340B Health


in 340B Health News Releases

WASHINGTON, D.C.— Hospitals participating in the 340B drug pricing program provide significantly more care to Medicaid patients and Medicare patients with low incomes than non-340B hospitals, according to new research that 340B Health released today.

The report by Dobson DaVanzo & Associates includes an analysis of 2018 data comparing 340B disproportionate share (DSH) hospitals to non-participating acute care hospitals in the delivery of services to Medicaid and low-income Medicare patients (recipients of Supplemental Security Income). It also compares them by their provision of essential community services and other care that is crucial to typically underserved populations. The report examines the financial performance of hospitals in both cohorts, a measure that also can reflect the extent of their provision of services to patients with Medicaid, which significantly underpays providers for delivering care.

This study has several central findings:

  • 340B DSH hospitals deliver disproportionately more hospital services to Medicaid and low-income Medicare patients. The 340B hospitals provide 75.2% of Medicaid hospital services despite making up only 42.9% of all acute care hospitals. The average Medicaid/Medicare SSI patient load for 340B DSH hospitals was 40.6% in 2018, compared with 26.3% for non-340B hospitals.
  • Medicaid makes up a greater share of operating revenue for 340B hospitals, where Medicaid revenue as a percentage of total operating revenue is twice as high (16.9%) than at non-340B hospitals (8.5%). Medicaid patients have a higher burden of illness, are more racially and ethnically diverse, and have lower payment rates.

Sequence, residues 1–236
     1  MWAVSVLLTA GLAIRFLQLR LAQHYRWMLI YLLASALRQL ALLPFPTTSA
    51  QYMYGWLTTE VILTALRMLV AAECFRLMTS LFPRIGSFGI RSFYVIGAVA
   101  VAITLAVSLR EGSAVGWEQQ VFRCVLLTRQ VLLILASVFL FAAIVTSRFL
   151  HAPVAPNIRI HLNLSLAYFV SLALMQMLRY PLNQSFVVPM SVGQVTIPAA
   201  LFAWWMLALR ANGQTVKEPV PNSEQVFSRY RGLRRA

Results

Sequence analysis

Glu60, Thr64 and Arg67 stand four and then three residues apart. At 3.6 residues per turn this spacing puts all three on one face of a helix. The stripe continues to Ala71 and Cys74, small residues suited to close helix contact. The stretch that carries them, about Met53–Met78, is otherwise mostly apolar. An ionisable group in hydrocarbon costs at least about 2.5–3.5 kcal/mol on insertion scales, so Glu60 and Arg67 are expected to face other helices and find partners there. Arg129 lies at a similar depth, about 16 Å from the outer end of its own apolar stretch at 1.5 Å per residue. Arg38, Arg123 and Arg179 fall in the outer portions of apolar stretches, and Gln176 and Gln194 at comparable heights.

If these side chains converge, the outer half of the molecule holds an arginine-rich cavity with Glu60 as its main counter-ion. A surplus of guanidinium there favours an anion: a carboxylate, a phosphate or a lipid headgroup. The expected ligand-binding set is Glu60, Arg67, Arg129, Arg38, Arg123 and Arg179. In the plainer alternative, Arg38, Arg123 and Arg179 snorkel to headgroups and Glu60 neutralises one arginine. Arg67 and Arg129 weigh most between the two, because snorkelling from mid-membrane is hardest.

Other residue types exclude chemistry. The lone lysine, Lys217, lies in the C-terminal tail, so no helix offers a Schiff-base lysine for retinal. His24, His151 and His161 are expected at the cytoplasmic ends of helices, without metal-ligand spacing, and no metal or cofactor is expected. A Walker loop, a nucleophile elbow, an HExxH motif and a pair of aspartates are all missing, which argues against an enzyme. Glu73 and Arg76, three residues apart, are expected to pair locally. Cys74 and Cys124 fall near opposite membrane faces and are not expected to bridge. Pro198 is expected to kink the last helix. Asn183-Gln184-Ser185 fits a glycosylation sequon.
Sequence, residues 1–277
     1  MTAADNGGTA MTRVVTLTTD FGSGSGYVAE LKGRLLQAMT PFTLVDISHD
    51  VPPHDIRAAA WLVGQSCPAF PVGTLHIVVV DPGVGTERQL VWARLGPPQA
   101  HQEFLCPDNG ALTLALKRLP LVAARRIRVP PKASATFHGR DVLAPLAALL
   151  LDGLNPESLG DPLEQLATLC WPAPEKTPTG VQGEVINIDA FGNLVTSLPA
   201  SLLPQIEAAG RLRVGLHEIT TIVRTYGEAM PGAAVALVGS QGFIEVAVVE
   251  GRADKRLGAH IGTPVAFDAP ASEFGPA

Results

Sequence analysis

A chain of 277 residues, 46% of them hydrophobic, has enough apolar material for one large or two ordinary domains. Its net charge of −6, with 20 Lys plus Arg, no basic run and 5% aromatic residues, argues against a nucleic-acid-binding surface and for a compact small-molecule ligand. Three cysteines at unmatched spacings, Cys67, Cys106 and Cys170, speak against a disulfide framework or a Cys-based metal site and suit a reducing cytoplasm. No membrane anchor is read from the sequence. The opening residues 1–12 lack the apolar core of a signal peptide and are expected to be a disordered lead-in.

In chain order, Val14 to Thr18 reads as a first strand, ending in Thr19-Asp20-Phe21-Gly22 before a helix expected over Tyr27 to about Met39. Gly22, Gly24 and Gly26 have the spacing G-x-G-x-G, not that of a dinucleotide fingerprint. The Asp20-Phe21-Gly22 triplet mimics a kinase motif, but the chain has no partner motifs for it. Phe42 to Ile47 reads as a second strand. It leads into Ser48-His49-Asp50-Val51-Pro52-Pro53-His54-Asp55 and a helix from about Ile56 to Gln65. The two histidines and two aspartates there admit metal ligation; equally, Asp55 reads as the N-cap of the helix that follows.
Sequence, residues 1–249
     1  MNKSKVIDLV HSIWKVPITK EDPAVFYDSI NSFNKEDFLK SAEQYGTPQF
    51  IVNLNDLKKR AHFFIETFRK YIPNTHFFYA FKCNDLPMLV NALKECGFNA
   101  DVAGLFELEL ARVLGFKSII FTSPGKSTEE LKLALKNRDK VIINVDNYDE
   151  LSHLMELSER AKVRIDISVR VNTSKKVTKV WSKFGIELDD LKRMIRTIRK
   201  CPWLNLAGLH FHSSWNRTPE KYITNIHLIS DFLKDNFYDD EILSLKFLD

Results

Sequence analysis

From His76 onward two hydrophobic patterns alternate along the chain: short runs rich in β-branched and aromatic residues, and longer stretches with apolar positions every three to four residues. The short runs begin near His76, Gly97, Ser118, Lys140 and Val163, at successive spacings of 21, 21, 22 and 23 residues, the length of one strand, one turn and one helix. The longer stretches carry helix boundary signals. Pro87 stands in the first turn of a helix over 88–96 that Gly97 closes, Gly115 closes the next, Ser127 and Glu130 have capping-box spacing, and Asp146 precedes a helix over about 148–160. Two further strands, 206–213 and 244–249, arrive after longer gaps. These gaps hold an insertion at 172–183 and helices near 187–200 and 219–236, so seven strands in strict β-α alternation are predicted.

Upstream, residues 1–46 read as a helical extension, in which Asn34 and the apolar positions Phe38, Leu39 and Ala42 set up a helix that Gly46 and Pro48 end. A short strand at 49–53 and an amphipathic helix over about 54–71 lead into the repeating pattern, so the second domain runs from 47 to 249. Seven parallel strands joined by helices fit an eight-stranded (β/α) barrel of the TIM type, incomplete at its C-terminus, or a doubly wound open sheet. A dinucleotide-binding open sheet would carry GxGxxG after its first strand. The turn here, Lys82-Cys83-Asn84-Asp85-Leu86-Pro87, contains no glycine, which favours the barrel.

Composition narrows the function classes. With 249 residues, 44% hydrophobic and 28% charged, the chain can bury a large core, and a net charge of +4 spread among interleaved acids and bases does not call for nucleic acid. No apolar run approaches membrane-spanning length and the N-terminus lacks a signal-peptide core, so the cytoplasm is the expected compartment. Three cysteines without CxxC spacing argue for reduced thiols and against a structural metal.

• Operating margins for 340B DSH hospitals are consistently and significantly lower across all size groupings – with average margins putting them in the red – than those of non-340B hospitals. This may be reflective of 340B hospitals’ dedication of resources to provide vital services to Medicaid and other patients living with low incomes.
  • 340B DSH hospitals are more likely to provide unreimbursed and under-reimbursed “essential community services,” specialized services, and community health and wellness services than non-340B hospitals. These services, which include burn and trauma care, HIV/AIDs care, and behavioral health services, often contribute to low or negative operating margins because hospitals lose money delivering them.

Congress created 340B to help safety-net hospitals, health centers, and clinics stretch their scarce resources to serve more patients and offer more comprehensive services. Savings from 340B drug price discounts help cover those expenses without using taxpayer dollars.

“The 340B program inherently recognizes the special challenges that these hospitals face in providing care to Medicaid and Medicare patients with low income and is critical to the continued existence of many eligible entities,” the study concludes. Read the full report and see an infographic summarizing its main findings.

Contact: Richard Sorian at richard.sorian@340bhealth.org or 202-536-2285.